Career Overview: Legal Secretary
A secretary today is less a personal assistant and more a traffic director for information and a manager of office administration. Legal secretaries handle communication between attorneys and paralegals, assuring the appropriate documents for a given case are completed on time and in appropriate fashion.
Legal secretaries prepare correspondence and legal papers such as summonses, complaints, motions, responses, and subpoenas. More experienced legal secretaries may tutor incoming freshman lawyers in the nuances of preparing legal documents.
For entry level secretaries the required education may be a high school education plus training in basic computer skills - word processing and database management. There are education programs for legal secretaries that teach the basics of legal document preparation and law office management. Many legal secretaries go on to get a degree in paralegal studies and move up the ladder in that fashion.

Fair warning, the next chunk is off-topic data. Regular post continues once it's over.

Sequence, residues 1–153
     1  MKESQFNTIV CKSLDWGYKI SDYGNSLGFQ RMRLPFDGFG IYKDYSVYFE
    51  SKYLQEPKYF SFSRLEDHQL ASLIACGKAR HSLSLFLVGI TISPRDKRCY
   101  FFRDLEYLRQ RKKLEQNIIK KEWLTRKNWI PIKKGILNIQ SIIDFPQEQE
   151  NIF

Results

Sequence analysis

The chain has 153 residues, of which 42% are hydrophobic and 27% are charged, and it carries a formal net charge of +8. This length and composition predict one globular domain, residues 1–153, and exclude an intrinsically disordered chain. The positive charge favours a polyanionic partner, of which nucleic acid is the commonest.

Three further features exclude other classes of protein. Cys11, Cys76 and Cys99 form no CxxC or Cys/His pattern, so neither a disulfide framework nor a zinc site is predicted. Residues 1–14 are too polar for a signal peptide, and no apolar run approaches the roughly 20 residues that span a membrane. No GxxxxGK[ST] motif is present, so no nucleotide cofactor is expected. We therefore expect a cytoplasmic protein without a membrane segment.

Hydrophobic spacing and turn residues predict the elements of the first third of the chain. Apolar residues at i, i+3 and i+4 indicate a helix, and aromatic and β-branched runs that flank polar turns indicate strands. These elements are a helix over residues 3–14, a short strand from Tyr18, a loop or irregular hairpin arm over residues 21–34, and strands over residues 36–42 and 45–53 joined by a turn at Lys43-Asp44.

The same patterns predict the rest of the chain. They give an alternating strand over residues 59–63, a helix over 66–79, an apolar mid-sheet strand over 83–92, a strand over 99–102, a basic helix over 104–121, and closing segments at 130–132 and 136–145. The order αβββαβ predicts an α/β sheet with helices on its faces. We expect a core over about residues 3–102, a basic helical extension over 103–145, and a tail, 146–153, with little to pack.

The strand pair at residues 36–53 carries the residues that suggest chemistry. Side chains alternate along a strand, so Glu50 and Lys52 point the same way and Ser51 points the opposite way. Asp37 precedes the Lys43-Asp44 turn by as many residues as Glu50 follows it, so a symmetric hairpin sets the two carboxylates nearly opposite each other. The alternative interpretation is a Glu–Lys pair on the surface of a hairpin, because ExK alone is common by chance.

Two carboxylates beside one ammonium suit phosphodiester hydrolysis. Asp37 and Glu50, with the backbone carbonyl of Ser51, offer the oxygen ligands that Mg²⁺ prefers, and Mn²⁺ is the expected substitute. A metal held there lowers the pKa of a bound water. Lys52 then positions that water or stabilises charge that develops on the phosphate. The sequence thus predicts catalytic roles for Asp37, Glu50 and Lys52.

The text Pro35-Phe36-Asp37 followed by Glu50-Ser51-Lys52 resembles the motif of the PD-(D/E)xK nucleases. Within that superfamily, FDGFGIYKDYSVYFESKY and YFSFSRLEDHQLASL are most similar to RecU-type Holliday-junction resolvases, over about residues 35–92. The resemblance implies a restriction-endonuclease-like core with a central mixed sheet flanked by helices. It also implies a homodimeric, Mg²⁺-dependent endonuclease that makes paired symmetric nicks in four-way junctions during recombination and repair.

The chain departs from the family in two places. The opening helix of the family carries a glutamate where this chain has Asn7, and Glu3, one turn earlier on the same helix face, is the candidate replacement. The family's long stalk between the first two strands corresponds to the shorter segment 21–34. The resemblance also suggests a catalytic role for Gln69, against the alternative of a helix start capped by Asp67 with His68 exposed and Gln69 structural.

While there were 4.2 million secretaries working in the U.S. in 2007, perhaps 250,000 of them were legal secretaries. That ration emphasizes the value of formal training in the functions of a legal secretary.
The expansion of the legal secretary job category is expected to be average, the same as the overall job expansion in the U.S. The tasks for this job have become more sophisticated and the pressure on the job has risen accordingly. It's a job that educational preparation can help at the entry level and in moving up the career ladder to paralegal.
Lowest 10% $11.72 $24,380
Median Salary $18.66 $38,810
Highest 10% $29.23 $60,600
Source: U.S. Department of Labor